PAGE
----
A case in point might be the afterlife. Some wonder why the Old Testament is so “this-worldly” when the New Testament depicts salvation in “other-worldly” terms. This is one of those overblown distinctions. The New Testament says much more about this present life than many people realize. Nonetheless, the Old Testament is largely silent on the afterlife. Why? Very possibly because the Israelites had come out of Egypt, where efforts to ensure a happy afterlife through magical rites and a complex polytheism[1] dominated the lives of many.

Before God could reveal the true afterlife to His people, some preliminary points had to be made: there was only one God in all the universe, and He was not pleased by magical rites, but instead required utter trust demonstrated in ethical behavior. Until these important points were fixed in the Israelite mind, any teaching concerning the afterlife could only confuse God’s people.

Similarly with retribution and blessing, the fundamental point had to be made that obedience from the heart results in bliss, and that any other kind of response to God was disaster. (To the Hebrews, in a fairly adolescent stage of development, the blessings and disasters were described in very materialistic terms. After this basic point had been made, then mankind would be ready to learn that in the final analysis, material things do not determine either bliss or disaster for us).

The laws relating to sacrifice, foods, purity, etc., must be understood in this same light. They functioned as concrete object lessons to make a spiritual point. On a spiritual plane, there is that which defiles and that which makes clean. On a spiritual plane, sin is a matter of life and death and therefore may not be treated lightly. How better to learn these and other important truths than through the daily experiences of sacrifice, eating, etc.?

But, it may be asked, since we have progressed beyond the adolescent, object-lesson stage, can we not dispense with those rather boring sections of the Old Testament? The sobering question must be asked, “Have we?” When the Old Testament object lessons do not illuminate and reinforce the reality they symbolize, then we have either perceived truth in its full intensity – or perhaps we have not perceived truth at all.

A third principle is that the Old Testament never idealizes. This is surely one of the marks of its Divine authority. Nowhere else in the literature of the ancient world are human beings depicted so really, both in their glories and in their horrors. Thus, although a David or an Abraham is a hero of God, when he sins it is reported with a kind of clinical exactness. The great man’s weaknesses are neither celebrated nor minimized. The inspired writer seems to be telling us that God is indeed at work in human lives, not in some never-never land of unreal sainthood (unless it is in the kinds of imperfect saints found in Paul’s Corinth). Moreover, the Old Testament writer is saying that we are to worship God, not our human “fathers.” Some of their failings were barbaric and their ends desperate. Yet, praise be to God, He could and did accomplish His purposes through even them! If a Samson was the best that could be had, God could use him. But the Bible does not idealize these heroes, and neither need we. Let us only be sure that we are at least as open to God’s working with us as they were long ago.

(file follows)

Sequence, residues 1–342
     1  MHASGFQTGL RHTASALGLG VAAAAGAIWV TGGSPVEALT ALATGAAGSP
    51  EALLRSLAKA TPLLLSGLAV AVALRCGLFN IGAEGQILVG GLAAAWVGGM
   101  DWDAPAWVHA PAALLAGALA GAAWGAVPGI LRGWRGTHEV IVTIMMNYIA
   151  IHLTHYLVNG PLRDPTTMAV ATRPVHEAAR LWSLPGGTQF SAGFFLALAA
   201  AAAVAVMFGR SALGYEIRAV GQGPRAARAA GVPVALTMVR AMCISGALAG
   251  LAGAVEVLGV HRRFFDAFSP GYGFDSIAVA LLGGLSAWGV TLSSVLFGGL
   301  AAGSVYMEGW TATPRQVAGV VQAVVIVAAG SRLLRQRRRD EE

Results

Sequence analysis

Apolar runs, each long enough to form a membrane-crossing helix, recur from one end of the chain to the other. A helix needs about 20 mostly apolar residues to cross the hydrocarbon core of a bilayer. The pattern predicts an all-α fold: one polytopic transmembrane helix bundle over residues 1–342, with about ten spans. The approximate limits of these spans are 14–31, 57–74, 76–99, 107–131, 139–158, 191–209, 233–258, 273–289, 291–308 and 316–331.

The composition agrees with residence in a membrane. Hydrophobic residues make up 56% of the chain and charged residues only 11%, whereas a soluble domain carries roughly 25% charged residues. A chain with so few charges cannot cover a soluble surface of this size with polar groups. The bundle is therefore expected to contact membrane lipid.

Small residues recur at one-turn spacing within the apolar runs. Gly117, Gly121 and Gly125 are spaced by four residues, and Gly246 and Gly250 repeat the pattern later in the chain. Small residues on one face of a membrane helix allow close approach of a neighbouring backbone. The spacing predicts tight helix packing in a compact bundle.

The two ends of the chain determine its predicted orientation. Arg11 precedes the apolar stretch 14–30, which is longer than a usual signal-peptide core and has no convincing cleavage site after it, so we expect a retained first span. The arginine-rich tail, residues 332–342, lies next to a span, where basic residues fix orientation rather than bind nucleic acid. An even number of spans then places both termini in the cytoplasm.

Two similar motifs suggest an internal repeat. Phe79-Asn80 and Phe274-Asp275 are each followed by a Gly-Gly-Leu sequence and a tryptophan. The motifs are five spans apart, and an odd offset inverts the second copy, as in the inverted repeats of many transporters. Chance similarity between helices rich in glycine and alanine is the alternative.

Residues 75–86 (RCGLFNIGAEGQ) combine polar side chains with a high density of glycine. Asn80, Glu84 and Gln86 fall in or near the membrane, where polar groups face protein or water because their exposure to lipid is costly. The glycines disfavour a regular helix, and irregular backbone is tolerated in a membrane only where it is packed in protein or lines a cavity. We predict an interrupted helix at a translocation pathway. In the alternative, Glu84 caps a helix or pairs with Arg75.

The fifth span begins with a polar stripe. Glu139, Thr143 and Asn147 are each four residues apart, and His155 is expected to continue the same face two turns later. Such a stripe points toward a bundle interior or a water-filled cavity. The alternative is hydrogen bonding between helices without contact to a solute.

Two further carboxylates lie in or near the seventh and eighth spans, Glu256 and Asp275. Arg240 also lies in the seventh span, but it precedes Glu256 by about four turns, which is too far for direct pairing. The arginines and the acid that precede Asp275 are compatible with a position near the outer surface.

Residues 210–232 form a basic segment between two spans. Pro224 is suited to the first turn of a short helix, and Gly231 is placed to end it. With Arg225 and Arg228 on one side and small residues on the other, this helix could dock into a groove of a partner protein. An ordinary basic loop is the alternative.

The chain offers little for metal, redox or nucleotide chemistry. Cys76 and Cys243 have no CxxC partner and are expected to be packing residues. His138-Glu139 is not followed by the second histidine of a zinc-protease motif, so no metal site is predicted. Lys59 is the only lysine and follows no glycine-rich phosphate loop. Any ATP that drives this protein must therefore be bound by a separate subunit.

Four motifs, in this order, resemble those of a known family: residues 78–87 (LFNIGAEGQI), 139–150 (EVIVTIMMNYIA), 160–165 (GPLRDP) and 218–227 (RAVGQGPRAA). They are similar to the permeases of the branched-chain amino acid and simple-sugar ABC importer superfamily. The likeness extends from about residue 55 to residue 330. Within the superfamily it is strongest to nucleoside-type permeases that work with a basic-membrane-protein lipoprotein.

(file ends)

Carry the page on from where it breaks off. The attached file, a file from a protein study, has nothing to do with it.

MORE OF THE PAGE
Finally, it is important to understand that Old Testament culture was different from that of either Greek and Roman times – or our own. We have said before that the Holy Spirit did not dictate certain timeless truths to men apart from and regardless of their situation in life. (Whenever the Bible is so treated, endless difficulties result). Rather, God began to manifest Himself in certain historical situations. At the same time (or even previously) He began to move in the lives of certain individuals so that they might authoritatively interpret what He was doing and saying in His actions. Necessarily, then, the Old Testament revelation had to be expressed in terms and styles which communicated with the people of that day. Thus, had God somehow contrived to set down an Ezra in the Judges period, he would probably have been much less successful in achieving God’s purposes for that time than were Ehud or Jephthah.

Along these same lines, when certain strange or even apparently immoral acts performed by Biblical figures are examined in the light of the customs of the day, they will often be found to be quite consistent. A case in point would be Abraham’s begetting Ismael by Hagar. In our sub-culture this is a gross and un-understandable act on the part of God’s chosen. However, in that day and time, this was an acceptable way of getting children if one’s wife were barren.

Before leaving this point it must be remarked that despite this different cultural conditioning of the Old Testament, human nature has remained remarkably the same across 5,000 years. Once one gets behind the strange ancient customs and, to us sometimes bizarre behavior, we find the same humanity as exists today. Whether peasant or technocrat one’s hopes, his aspirations, his sins, his failures, his crying needs remain the same. The marvel of the Bible is that it has so well diagnosed the essential human situation as it appeared in persons 3,000 to 4,000 years ago in the Near East … that this diagnosis remains so true today. With these several principles of interpretation in mind, no “problems” need be so severe as to prevent us from seeing in the Old Testament God’s description of ourselves and His provision for becoming our true selves.

Coming in the next issue of Good News Part III: “How You Can Study The Old Testament.”

[1] Polytheism:  belief in, or worship of, many different gods.